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Stories of Jesus and Friends by Samuel H. Fountain

Stories of Jesus and Friends

by Samuel H. Fountain

157 pages
Stories to show Christianity respecting human integrity and other faiths.

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Category: Religion:Christianity
About the Book
This book respects human beings; it is a book of freedom, not condemnation.

"Tell me the stories of Jesus, I love to hear." These words from a child's religious ditty barely hint at the power of story. Stories of Jesus and Friends revisits, through story, an ancient perspective of the Christian faith long lost in the logic of Sunday sermons and religious tracts. Ironically, this ancient perspective is far more modern than what most churches teach today.

Stories respect their readers and listeners. In the Christian tradition, stories have been a primary way to communicate truth. The Bible itself is, for the most part, a collection of stories. The New Testament begins with five stories, the Gospels and Acts. Jesus told parables. World religions, before and during the Christian era, developed and expressed their truths through stories, myths.

But stories have also been sorely abused, especially in the American Christian traditions. Stories have become manipulative, attempts to convince audiences that specifically prescribed doctrines are absolute and eternal. Stories frequently emulate Aesop rather than Jesus by explaining what they mean and the consequences, good and bad, of not paying attention.

Jesus never did this. Matthew, Mark and Luke framed the parables of Jesus in contexts and added moralizing interpretations that belied the original parables. Stories of Jesus and Friends recaptures the spirit of the storytelling of Jesus by freeing stories to be told without burdening them with morals and forced interpretations.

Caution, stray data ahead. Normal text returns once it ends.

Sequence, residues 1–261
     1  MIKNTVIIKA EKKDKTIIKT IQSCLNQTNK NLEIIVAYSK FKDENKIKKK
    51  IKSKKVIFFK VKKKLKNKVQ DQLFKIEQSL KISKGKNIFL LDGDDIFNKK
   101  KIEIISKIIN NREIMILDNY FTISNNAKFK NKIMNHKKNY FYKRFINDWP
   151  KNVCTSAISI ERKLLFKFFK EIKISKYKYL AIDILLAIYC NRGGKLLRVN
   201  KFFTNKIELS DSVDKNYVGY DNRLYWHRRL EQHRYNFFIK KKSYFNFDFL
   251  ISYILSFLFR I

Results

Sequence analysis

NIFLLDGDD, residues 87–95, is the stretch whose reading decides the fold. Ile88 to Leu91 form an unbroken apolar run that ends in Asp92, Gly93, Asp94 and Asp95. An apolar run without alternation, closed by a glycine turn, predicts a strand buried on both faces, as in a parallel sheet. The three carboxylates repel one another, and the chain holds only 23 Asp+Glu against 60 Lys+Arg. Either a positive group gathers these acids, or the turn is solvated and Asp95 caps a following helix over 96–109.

The book also imitates the deep respect Jesus had for his audiences. Each member of his audience was free to find her or his own individual or personal meaning, be it serious or frivolous, delightful or oppressing.

Interest in religion has grown in recent years as demonstrated by the rapid growth of conservative Christian denominations and local churches (many conservative movements result in independent congregations) and by the equally rapid growth of New Age religions. The latter are more elusive since they include everything from astrology and witchcraft to holistic health movements, Native American shamanism, and Eastern religions such as Buddhism and Hinduism.

Stories of Jesus and Friends does several things. It tells stories without moralistic endings or specific interpretations; it respects readers whose life experiences are uniquely different for each; and it respects other traditions within and without Christendom. It does not impose direct moralisms or interpretations. Readers can do with the stories what they will. Still, the intent is to create an atmosphere where ideas and beliefs can live peacefully and respectfully together.
Christianity is key only because it is where the author begins, not because other religions are inferior. They are not.

Many within American conservative Christianity promote a negative theology which portrays Jesus as saving only those who believe the "right" things that, thereby, condemns the rest of humankind who believe the "wrong" things. It is also elitist because those "who are saved" are obviously better than those who are not. Stories of Jesus and Friends creates an environment where people are accepted as they are.

 

 

About the Author
Dr. Fountain pastored parishes in Vermont, New York, New Jersey, and Florida. Educated at the University of Florida (B.A.) and Drew University (M.Div. & D.Min.), he discovered story while searching for more effective communication. His doctoral project merged the style of Jesus' Parables and child development.

 

 

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